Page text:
Published: 18 Oct 2011
The enterprise C-suite is relying more and more on IT to gain a competitive edge. Agile practices in particular are enabling the business to deliver not only faster time to market, but also faster time to business value.
More on Agile project management
Consider British Airways PLC (BA), which recently launched an iPad application for its cabin service directors to give them up-to-the-minute information on the preferences of executive club members. The application went from idea to production in 90 days using Agile practices.
Early demos of the application were given to the service directors, and their feedback played a key role in the ultimate design. These directors in turn gave direct feedback to BA's business leadership team, who in turn "reinforced the positive view of the project and IT delivery," Mike Croucher, head of IT architecture and delivery at BA, said in an email. Economic necessity spurred the London-based airline company to adopt Agile practices. "During the economic slowdown in 2008, a focus on generating new revenue led us to using Agile to both drive the business proposition and develop IT," he said. Agile practices allowed BA to develop new services, as well as make changes to existing programs. Often the payback period for these investments was less than a month.
The concept behind BA's Agile practices is to go live with a minimal set of functions to derive an early ROI, Croucher said. The process also prioritizes requirements by value. Projects are stopped once the majority of the agreed-on benefits are achieved. Then the Agile team moves on to the next idea.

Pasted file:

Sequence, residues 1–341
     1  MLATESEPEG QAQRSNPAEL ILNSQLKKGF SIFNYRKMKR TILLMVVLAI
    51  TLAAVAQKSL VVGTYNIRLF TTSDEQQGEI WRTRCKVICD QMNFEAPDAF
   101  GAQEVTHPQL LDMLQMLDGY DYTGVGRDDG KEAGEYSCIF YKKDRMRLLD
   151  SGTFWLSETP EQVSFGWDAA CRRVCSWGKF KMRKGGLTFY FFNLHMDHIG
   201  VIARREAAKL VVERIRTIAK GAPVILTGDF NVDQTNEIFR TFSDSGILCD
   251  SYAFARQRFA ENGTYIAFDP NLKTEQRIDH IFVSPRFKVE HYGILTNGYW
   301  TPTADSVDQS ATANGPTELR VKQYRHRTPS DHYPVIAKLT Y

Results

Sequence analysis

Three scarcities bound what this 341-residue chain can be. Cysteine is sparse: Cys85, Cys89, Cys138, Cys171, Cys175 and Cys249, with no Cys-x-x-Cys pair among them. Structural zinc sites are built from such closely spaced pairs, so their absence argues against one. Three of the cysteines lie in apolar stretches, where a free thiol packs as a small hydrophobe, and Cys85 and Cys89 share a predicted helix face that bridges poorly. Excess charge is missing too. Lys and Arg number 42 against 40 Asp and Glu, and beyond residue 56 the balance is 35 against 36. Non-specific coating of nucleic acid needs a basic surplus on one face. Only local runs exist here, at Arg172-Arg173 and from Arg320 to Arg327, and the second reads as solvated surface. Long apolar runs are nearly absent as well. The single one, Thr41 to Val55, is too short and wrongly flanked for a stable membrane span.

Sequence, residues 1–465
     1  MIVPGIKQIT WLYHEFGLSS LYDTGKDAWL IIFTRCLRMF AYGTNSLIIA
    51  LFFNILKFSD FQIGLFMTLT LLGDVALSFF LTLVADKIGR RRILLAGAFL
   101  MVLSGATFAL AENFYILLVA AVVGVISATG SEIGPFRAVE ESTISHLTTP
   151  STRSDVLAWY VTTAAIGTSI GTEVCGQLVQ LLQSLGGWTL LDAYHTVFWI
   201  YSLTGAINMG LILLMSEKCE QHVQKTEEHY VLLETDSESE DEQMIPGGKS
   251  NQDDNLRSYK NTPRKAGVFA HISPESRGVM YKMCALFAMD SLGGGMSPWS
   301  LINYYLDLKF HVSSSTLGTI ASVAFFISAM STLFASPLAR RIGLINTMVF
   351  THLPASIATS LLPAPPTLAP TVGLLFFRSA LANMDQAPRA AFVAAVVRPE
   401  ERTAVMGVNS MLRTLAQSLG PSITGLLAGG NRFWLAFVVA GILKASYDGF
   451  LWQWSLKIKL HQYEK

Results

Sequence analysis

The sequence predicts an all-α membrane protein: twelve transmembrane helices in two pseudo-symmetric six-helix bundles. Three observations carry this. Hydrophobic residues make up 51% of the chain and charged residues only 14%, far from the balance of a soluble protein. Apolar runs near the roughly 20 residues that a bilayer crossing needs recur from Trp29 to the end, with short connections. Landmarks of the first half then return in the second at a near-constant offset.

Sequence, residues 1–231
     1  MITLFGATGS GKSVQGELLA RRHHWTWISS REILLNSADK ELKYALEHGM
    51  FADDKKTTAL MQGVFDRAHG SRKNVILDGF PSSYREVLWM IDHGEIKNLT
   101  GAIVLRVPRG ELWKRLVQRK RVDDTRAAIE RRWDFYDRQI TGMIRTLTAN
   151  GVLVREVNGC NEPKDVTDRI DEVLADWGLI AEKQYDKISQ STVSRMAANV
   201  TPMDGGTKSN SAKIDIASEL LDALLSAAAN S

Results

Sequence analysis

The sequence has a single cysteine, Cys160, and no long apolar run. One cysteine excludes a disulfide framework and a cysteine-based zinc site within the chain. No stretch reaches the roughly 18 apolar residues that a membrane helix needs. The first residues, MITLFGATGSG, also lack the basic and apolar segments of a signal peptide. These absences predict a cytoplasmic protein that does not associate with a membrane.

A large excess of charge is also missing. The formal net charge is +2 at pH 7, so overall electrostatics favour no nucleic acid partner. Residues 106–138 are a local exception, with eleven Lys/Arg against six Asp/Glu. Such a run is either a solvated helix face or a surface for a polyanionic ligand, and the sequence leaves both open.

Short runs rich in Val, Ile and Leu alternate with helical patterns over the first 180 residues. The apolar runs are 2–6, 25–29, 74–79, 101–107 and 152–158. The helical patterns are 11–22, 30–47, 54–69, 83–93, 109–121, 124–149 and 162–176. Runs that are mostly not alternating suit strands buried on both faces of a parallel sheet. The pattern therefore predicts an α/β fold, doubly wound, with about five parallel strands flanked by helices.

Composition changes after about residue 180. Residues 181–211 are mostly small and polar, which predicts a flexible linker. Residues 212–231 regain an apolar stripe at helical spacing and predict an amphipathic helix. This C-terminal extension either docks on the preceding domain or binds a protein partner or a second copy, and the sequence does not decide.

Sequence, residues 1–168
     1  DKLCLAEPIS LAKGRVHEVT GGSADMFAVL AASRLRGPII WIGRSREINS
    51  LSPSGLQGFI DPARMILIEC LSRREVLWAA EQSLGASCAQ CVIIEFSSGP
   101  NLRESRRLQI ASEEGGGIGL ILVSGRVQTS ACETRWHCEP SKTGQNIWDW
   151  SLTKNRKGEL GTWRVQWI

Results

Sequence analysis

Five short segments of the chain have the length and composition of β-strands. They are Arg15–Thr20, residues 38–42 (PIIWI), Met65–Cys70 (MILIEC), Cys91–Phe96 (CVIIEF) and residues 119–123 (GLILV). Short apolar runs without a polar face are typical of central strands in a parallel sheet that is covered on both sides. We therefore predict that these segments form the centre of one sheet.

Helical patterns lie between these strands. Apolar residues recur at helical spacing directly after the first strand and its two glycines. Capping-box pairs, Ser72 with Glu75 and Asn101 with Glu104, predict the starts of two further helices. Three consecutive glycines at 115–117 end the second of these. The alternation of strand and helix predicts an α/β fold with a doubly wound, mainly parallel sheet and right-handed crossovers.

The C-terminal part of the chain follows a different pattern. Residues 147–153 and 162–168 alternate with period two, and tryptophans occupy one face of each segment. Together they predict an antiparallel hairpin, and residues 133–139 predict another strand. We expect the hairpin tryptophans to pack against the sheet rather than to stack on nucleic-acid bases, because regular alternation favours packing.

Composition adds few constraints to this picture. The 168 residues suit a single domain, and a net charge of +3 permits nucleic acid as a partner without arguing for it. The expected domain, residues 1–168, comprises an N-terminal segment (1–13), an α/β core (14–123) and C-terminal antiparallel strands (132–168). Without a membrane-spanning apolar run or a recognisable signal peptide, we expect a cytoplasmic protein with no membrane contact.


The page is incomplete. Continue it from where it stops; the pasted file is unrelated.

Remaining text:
CIOs taking the Agile practices lead
For Dan Simpson, CIO at Trustmark Companies, Agile practices pave the way to business transformation.
"Change is escalating, increasing; it's not going to stop. We've all heard those sayings before. The question is, are you ready to participate in and lead change?" Simpson challenged CIOs during a presentation at Forrester Research Inc.'s recent Application Development & Delivery Forum in Boston.
Hired as CIO in September, Simpson was brought in to helm a business transformation project at the Lake Forest, Ill.-based insurance company,, after accomplishing a major transformation at his previous company, Physicians Mutual Insurance Co. in Omaha, Neb. There, the business transformation project involved swapping out legacy systems for reusable services that created a single view of information for customers and employees.
At Physicians Mutual, Simpson's plan of attack had involved a service-oriented architecture, or SOA, in which components of the new billing and collection system, for example, were reused in other systems, such as payment management services. He used Agile practices to shorten delivery times. As a result, a calendar year was shaved off the release cycle for the payment management services.
"We decided to implement close to 40 new projects as part of the business transformation effort over a period of years," Simpson said in an interview with SearchCIO.com. "Iterative development using Agile methods was our 'Agile version' for those projects." That iterative approach was how he and business leaders determined whether IT understood user requirements during the development process, he said, "rather than us implementing something and finding out users aren't satisfied."
Agile practices being transformed
"Agile and lean are the first practices I've seen in 20-plus years that are truly helping to solve the business-IT alignment issue, " said Alex Adamopoulos, CEO at New York-based Emergn, an Agile and lean consulting firm whose customers include BA, Standard Life PLC and British Telecom. For the past two years, he has seen Agile practices move beyond software development into corporate project and portfolio management, he said.